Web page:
A fired-up Senator Minority Leader Chuck Schumer, D-N.Y., appeared to issue a vague warning toward Supreme Court Justices Neil Gorsuch and Brett Kavanaugh on Wednesday, during a rally held as the court heard arguments in a high-profile abortion case.
At the rally hosted by the Center for Reproductive Rights, Schumer noted that the case, June Medical Services LLC v. Russo, is the first "major" abortion case since President Trump's court picks have been on the bench. The dispute, dealing with restrictions over who can perform abortions, involves a Louisiana law similar to one in Texas that the court ruled unconstitutional in 2016, before either Trump justice was on the Supreme Court and before conservatives held a 5-4 majority.
"I want to tell you, Gorsuch. I want to tell you, Kavanaugh. You have released the whirlwind and you will pay the price!" Schumer warned. "You won’t know what hit you if you go forward with these awful decisions."
Video of the remarks quickly circulated on social media, with Republicans casting the warning as a threat against two sitting Supreme Court justices.
Schumer did not explain what "price" this would be as far as the justices are concerned. But reached for comment, his office said in a statement to Fox News: "It’s a reference to the political price [Republicans] will pay for putting them on the court and a warning that the justices will unleash a major grassroots movement on the issue of reproductive rights against the decision."
During the rally, Schumer did go on to describe how Republican lawmakers could be impacted.
"We will tell President Trump and Senate Republicans who have stacked the court with right-wing ideologues that you’re gonna be gone in November, and you will never be able to do what you’re trying to do now ever, ever again!” he said. Earlier in his address, Schumer had accused Republican legislatures of "waging a war on women," and said reproductive rights are "under attack in a way we haven't seen in modern history."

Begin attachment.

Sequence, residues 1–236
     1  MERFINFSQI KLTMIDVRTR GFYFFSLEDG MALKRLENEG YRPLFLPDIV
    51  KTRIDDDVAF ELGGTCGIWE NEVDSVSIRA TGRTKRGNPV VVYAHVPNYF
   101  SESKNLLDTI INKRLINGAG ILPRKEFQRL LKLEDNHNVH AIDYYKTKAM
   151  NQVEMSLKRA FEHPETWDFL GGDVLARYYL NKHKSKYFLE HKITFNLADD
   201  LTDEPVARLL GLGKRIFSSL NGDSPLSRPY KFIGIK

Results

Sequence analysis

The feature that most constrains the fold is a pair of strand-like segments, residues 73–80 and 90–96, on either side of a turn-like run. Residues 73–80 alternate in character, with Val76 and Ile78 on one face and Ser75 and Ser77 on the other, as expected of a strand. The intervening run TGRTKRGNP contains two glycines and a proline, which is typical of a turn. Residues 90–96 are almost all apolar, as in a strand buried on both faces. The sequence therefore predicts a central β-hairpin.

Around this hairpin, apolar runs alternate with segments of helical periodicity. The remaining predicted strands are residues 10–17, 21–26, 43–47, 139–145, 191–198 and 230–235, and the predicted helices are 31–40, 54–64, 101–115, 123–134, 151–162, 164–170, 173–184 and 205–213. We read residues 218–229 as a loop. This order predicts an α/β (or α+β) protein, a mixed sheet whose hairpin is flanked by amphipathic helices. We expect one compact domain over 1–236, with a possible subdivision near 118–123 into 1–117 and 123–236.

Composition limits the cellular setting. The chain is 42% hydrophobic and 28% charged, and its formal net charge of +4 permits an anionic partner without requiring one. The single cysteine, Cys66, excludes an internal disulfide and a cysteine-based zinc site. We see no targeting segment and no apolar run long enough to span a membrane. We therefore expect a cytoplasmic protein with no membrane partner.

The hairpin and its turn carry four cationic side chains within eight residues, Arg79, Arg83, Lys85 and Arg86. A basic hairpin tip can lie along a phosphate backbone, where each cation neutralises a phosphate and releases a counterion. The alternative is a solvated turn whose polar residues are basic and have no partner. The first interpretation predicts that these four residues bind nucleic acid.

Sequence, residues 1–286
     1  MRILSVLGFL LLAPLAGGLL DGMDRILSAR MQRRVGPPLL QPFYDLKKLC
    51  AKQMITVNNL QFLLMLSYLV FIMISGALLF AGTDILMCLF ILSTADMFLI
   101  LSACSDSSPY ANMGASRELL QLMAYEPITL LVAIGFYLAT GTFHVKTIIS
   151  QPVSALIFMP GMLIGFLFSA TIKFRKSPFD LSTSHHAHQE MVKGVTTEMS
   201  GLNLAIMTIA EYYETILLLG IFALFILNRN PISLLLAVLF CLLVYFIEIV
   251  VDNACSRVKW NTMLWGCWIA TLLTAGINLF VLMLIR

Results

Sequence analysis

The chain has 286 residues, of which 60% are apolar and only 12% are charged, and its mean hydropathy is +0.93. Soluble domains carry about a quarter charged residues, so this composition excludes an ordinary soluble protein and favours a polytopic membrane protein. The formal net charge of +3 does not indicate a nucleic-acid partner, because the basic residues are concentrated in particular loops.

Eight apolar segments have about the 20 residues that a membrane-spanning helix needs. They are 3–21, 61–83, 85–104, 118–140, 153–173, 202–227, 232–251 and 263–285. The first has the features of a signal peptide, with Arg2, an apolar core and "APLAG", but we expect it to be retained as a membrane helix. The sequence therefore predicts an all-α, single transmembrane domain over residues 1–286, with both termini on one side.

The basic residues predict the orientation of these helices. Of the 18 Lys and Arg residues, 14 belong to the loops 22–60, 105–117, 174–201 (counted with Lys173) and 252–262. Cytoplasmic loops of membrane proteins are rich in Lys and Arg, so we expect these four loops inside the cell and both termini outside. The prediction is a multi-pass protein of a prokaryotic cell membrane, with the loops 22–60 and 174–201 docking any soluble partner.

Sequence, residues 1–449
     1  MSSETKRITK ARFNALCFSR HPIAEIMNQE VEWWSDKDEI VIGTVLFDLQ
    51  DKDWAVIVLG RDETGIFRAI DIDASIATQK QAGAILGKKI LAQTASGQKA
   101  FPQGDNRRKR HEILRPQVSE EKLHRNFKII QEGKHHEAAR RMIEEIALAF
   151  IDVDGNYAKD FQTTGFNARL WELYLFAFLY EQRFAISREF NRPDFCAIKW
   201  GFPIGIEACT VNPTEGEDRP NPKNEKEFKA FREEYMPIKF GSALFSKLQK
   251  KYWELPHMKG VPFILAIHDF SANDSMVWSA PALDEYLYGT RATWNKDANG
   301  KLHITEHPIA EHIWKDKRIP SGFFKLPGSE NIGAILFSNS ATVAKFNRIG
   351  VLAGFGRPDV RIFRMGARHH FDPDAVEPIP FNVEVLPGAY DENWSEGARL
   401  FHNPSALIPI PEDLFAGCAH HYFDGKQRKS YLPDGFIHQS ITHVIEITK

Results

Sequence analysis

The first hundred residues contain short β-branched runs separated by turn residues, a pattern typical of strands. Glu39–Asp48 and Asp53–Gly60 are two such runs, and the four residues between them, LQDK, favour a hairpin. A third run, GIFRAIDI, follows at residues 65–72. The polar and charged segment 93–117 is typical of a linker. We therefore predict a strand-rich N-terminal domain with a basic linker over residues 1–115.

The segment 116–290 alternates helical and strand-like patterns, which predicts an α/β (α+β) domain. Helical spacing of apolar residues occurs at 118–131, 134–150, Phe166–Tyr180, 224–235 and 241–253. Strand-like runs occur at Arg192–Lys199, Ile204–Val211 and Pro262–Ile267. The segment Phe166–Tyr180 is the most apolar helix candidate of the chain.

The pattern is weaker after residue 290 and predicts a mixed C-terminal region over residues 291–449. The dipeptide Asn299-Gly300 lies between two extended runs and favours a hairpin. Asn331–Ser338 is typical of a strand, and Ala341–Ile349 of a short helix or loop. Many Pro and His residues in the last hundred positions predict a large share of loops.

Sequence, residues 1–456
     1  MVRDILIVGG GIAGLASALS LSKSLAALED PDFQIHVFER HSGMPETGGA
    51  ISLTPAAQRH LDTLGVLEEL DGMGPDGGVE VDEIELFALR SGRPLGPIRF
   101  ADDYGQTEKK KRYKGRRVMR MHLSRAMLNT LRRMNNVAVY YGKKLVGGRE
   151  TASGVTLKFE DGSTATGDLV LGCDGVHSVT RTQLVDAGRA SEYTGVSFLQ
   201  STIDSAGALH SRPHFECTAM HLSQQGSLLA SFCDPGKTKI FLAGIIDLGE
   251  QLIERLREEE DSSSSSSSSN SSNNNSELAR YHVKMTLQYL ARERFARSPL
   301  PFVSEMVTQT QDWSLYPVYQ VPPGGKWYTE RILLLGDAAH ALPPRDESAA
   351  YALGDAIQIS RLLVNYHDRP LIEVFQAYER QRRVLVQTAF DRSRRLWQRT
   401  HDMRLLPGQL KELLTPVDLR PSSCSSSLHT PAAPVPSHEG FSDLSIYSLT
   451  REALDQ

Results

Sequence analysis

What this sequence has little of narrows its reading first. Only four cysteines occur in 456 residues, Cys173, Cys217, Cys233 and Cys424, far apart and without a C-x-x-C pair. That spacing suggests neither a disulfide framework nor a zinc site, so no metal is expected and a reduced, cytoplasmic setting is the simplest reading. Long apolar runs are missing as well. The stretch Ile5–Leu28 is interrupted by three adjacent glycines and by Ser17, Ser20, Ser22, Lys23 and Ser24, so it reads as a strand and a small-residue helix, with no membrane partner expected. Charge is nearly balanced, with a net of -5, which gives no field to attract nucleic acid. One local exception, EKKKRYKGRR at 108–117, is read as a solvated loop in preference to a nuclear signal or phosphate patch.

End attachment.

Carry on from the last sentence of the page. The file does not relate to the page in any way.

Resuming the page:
This is not the first time a Democratic senator issued vague warnings toward the Supreme Court. In August, a group of senators led by Sen. Sheldon Whitehouse, D-R.I., filed a brief in which they accused the court of being politicized, calling it "not well" and warning that if it does not "heal itself," it could be "restructured." This was taken as a warning that the Democrats would attempt to pack the court by increasing the number of justices and loading the bench with liberals once a Democrat is in the White House.
The case before the court is part of a larger effort by red states to pass laws regulating abortion to test how supportive the new justices will be of precedents such as Roe v. Wade and Planned Parenthood v. Casey, which formed the basis for abortion being legal.
The law in question requires abortion doctors in Louisiana to have admitting privileges at a nearby hospital in case a patient experiences complications during or after a procedure. Those backing the law argue that it regulates abortion providers similarly to how other medical providers are regulated by the state while also ensuring doctors are competent. Opponents say that it is targeted at abortion providers with the goal of shutting them down, citing a 2016 case out of Texas in which the Supreme Court invalidated a very similar law.
The court's opinion in the 2016 case, Whole Women's Health v. Hellerstedt, said the law placed an undue burden on women seeking abortions because it would significantly reduce the number of available facilities in the state.
During Wednesday's oral arguments, Kavanaugh and Chief Justice John Roberts questioned whether Lousiana might be different from Texas in terms of the practical effect the law would have.
"Assume all the doctors who currently perform abortions can obtain admitting privileges, could you say that the law still imposes an undue burden, even if there were no effect?" Kavanaugh asked.
Roberts suggested other states may have different standards that might be constitutional.
Gorsuch did not speak during the arguments.
Fox News' Bill Mears and Tyler Olson contributed to this report.